'No justification for this macabre celebration': Guy Fawkes takes its toll in Cape Town
Guy Fawkes "celebrations" saw more than 300 disturbance complaints being logged and youngsters allegedly throwing stones and paint at vehicles in Cape Town.
City authorities reported a spate of incidents directly linked to Guy Fawkes on Tuesday evening - after adopting a no tolerance policy on setting off fireworks in conjunction with the SPCA.
No sites in the city were allocated for discharging fireworks as had been the case in previous years.
Mayoral committee member for safety and security JP Smith said law enforcement staff and the city's public emergency communication centre were kept busy all night fielding 345 complaints about fireworks being set off.
"Metro police officers confiscated fireworks at three locations ... while their law enforcement counterparts confiscated items in Atlantis, Big Bay and Athlone. Officers issued Section 56 notices for selling and storing fireworks without a certificate," he said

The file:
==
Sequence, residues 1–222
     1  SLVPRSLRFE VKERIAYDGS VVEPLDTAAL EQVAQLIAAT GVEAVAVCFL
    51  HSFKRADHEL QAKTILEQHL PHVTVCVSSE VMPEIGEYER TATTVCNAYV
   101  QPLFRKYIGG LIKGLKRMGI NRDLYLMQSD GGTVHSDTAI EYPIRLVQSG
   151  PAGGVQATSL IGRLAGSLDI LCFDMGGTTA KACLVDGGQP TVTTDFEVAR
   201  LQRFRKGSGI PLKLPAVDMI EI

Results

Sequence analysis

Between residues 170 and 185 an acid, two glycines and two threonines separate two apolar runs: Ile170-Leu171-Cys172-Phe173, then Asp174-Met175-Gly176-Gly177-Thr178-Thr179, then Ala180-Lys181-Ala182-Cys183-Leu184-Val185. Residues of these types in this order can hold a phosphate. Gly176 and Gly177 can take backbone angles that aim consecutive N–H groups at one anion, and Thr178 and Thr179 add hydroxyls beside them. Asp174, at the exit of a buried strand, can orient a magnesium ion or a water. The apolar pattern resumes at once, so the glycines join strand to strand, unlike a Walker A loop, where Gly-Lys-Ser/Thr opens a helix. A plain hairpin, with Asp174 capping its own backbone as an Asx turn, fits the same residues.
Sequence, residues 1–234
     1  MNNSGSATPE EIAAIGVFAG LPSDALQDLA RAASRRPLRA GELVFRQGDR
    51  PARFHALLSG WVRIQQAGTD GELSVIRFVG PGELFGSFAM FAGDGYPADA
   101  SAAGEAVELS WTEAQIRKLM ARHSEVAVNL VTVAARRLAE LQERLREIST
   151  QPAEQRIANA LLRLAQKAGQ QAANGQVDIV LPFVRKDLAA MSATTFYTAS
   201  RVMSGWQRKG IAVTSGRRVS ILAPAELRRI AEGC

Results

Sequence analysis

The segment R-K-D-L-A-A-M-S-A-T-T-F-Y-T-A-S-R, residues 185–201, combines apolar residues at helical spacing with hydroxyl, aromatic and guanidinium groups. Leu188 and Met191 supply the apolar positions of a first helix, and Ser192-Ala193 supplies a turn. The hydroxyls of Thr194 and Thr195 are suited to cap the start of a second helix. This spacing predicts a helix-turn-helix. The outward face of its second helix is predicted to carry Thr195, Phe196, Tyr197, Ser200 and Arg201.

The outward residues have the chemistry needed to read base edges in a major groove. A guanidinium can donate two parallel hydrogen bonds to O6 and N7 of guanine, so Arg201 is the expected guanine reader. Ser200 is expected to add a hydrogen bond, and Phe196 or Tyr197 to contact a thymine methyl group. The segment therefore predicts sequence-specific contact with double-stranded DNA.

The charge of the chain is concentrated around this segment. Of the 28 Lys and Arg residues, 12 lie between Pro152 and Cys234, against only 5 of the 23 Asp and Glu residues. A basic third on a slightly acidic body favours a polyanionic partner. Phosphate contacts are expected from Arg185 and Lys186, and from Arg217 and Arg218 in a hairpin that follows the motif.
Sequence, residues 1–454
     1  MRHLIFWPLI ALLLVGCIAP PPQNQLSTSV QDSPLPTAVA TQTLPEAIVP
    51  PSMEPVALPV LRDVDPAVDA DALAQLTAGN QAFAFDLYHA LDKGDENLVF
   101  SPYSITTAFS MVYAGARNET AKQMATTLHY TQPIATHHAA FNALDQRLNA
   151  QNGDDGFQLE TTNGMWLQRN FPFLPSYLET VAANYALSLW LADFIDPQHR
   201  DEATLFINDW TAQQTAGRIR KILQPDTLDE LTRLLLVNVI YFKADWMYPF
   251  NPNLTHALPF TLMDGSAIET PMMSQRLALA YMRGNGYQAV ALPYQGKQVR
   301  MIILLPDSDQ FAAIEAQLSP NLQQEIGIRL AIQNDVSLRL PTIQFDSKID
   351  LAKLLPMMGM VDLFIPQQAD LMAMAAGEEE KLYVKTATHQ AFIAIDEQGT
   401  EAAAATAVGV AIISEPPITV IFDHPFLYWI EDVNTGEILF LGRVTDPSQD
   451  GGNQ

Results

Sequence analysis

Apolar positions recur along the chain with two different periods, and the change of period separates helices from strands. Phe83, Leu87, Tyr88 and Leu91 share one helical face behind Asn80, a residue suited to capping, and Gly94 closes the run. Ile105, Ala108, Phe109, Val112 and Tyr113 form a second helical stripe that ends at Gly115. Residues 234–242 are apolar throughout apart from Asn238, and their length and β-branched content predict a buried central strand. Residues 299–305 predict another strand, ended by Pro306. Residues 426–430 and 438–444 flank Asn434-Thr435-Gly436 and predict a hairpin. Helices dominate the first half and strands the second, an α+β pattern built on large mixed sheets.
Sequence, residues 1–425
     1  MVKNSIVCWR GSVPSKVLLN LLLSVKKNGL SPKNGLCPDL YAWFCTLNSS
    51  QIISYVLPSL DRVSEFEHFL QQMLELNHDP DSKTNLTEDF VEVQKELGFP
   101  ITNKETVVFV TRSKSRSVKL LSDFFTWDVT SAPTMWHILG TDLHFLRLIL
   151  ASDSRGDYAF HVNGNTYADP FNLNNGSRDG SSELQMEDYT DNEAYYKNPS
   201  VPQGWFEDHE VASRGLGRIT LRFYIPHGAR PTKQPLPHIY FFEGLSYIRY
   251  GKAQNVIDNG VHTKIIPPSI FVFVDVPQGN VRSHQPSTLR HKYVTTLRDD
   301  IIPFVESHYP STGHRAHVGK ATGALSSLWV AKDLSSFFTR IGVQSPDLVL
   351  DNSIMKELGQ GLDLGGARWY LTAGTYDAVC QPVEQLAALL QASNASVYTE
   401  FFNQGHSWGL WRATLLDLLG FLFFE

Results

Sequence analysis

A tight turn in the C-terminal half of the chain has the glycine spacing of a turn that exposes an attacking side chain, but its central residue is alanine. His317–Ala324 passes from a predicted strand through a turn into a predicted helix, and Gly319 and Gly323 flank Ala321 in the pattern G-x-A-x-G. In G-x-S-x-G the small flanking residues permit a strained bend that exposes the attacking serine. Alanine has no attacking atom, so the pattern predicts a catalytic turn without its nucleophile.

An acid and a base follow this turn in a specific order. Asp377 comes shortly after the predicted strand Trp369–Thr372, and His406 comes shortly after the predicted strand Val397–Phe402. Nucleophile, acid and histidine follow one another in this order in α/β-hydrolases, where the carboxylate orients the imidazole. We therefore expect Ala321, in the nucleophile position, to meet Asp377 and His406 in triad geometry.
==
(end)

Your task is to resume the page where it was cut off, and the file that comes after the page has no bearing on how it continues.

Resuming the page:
Various incidents, from stone throwing to assault, arson and vandalism were reported, and a group of young people in Tafelsig pelted a police vehicle with stones and flung paint at vehicles on the road.
Law enforcement spokesperson Wayne Dyason said reports were received of youths in Tafelsig and surrounds, running around with paint, sticks and shoe polish intimidating people.
"Later ... they started stoning buses and smearing vehicles with [shoe polish] and paint. In Lavender Hill and Seawinds youngsters are similarly running around with paint and [shoe polish] and forming human chains to prevent people from entering their residences."
Smith said, "There is absolutely no justification for this macabre celebration, and the hurt, pain and anguish it causes to so many people; not to mention the drain on city and police resources to deal with the many complaints received.
"I call on community leaders, schools and families to start a conversation about Guy Fawkes and the havoc it wreaks.
"It is time we start wiping out this misguided tradition which is being perpetuated by a minority, at the expense of the majority."
He said the city was "unable to quantify" trauma caused to individuals whose houses were damaged or were attacked by youngsters.
"Something has got to give," he said.